Cambridge Studies in Linguistics: Regularity in Semantic Change Series Number 97

Cambridge Studies in Linguistics: Regularity in Semantic Change Series Number 97

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Description

This important study of semantic change examines how new meanings arise through language use, especially the various ways in which speakers and writers experiment with uses of words and constructions in the flow of strategic interaction with addressees. There has been growing interest in exploring systemicities in semantic change from a number of perspectives including theories of metaphor, pragmatic inferencing, and grammaticalization. Like earlier studies, these have for the most part been based on data taken out of context. This book is a detailed examination of semantic change from the perspective of historical pragmatics and discourse analysis. Drawing on extensive corpus data from over a thousand years of English and Japanese textual history, Traugott and Dasher show that most changes in meaning originate in and are motivated by the associative flow of speech and conceptual metonymy.
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Product details

  • Paperback | 364 pages
  • 155 x 227 x 21mm | 530g
  • Cambridge, United Kingdom
  • English
  • Worked examples or Exercises
  • 052161791X
  • 9780521617918
  • 1,239,240

Table of contents

List of figures; Preface and acknowledgements; Conventions; List of abbreviations; 1. The framework; 2. Prior and current work on semantic change; 3. The development of modal verbs; 4. The development of adverbials with discourse marker function; 5. The development of performative verbs and constructions; 6. The development of social deictics; 7. Conclusion; Primary references; Secondary references; Index of languages; Index of names; Index of subjects.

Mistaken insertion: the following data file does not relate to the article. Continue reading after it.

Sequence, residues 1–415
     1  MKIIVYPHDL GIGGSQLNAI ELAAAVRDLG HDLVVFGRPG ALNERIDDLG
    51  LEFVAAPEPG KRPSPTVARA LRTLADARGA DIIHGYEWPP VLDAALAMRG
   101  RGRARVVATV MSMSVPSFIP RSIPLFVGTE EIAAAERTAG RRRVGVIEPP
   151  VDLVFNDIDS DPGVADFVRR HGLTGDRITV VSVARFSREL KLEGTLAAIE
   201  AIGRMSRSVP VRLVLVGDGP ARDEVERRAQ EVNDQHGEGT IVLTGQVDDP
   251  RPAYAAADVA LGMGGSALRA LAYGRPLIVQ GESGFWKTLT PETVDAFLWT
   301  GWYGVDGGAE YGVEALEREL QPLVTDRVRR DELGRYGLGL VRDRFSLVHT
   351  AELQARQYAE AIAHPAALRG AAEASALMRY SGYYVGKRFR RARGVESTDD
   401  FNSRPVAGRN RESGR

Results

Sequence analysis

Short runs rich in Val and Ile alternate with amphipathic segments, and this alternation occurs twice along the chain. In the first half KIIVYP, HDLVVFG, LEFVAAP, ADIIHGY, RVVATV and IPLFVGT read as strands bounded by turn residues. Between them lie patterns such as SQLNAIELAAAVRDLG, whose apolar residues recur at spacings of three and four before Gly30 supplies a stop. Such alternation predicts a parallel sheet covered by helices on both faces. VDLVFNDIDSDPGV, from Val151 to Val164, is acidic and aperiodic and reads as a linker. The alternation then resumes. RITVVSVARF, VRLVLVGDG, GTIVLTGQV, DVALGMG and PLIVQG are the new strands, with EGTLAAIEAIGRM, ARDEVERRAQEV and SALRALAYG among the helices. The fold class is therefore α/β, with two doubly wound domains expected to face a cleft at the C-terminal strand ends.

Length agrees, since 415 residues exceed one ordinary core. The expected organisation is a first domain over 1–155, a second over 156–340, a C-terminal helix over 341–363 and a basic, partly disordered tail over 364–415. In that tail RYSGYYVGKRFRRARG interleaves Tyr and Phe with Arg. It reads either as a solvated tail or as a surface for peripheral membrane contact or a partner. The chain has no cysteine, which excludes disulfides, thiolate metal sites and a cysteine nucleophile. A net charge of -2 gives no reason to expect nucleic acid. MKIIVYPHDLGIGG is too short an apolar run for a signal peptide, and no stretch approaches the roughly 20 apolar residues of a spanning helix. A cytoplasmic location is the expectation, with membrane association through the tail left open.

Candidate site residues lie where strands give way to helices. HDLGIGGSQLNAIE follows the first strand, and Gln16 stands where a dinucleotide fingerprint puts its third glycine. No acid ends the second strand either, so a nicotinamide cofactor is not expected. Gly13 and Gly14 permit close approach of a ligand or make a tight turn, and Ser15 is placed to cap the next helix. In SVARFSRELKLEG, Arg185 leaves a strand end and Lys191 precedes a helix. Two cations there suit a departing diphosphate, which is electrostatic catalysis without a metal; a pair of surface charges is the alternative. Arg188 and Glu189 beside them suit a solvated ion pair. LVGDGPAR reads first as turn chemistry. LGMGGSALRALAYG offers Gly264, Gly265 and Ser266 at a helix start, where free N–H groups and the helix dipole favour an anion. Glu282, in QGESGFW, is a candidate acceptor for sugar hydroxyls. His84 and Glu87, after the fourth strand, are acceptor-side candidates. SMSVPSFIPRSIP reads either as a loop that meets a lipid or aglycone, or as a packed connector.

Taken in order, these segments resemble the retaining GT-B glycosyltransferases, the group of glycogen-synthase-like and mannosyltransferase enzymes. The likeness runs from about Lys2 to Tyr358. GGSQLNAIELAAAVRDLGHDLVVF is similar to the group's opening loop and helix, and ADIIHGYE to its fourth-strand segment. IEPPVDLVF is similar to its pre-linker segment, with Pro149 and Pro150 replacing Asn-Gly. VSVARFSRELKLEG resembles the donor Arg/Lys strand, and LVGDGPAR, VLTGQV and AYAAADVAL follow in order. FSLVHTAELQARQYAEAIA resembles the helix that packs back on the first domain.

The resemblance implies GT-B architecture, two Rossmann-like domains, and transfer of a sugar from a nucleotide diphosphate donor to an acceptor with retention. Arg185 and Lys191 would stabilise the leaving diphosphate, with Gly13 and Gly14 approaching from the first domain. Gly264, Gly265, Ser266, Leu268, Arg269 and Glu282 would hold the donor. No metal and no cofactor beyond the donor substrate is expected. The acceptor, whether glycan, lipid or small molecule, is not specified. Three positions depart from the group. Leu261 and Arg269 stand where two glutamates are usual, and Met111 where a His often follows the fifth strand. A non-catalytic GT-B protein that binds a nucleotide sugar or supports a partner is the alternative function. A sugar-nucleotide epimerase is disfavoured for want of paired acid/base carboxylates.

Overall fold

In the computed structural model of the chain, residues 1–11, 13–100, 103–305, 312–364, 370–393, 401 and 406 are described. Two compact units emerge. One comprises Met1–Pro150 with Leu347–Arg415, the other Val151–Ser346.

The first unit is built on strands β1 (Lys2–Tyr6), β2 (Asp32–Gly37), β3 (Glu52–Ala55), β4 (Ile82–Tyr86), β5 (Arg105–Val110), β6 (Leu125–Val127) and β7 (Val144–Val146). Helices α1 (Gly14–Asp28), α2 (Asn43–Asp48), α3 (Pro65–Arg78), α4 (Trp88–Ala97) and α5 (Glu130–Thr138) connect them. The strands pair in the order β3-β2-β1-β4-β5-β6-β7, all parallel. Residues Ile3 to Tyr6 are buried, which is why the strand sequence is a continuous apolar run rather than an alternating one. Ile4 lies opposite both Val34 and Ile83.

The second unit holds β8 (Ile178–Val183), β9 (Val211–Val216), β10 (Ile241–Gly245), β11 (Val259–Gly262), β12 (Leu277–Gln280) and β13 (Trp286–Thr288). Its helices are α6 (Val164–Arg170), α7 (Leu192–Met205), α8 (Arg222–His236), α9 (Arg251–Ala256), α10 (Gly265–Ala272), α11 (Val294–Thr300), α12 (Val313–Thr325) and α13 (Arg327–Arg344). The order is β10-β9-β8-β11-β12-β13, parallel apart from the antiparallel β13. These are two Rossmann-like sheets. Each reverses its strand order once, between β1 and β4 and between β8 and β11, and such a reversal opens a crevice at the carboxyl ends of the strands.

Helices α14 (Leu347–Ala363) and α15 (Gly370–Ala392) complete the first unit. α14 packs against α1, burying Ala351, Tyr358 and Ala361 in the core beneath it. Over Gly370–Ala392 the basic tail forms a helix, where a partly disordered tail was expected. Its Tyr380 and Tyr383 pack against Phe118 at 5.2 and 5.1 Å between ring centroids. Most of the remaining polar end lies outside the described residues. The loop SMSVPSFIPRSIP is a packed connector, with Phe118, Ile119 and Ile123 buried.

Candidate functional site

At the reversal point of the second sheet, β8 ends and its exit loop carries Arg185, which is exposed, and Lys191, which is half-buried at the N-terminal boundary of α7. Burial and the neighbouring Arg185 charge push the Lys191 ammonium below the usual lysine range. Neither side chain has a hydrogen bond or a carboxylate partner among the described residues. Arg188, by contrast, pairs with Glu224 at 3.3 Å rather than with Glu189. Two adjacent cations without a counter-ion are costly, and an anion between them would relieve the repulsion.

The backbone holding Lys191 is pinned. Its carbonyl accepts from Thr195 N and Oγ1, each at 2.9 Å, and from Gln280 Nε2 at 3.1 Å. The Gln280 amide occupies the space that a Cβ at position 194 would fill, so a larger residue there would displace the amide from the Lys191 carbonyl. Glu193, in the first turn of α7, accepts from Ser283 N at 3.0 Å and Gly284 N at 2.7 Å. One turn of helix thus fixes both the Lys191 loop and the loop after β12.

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Review quote

'How does it come about that linguistic expressions change their meanings over time, or, to be more precise, that speakers start using established linguistic expressions with novel meanings? What is the nature of semantic change, and - more importantly - can we generalize about different instantiations of semantic change not only within individual languages but also cross-linguistically? The book under review, by Elizabeth Closs Traugott and Richard B. Dasher, provides bold answers to such big questions.' Journal of Linguistics
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About Elizabeth Closs Traugott

Elizabeth Closs Traugott is Professor of Linguistics and English at Stanford University. Her previous books include A History of English Syntax (1972), Linguistics for Students of Literature (with Mary L. Pratt, 1980) and Grammaticalization (with Paul J. Hopper, Cambridge, 1993). Richard B. Dasher is Director of the US-Japan Technology Center, Executive Director of the Center for Integrated Systems and Consulting Associate Professor at the School of Engineering, Stanford University. His previous publications include historical work on Japanese honorifics in Papers in Linguistics, other research in Papers from the 7th International Conference on Historical Linguistics (ICHL), and various scholarly journals.
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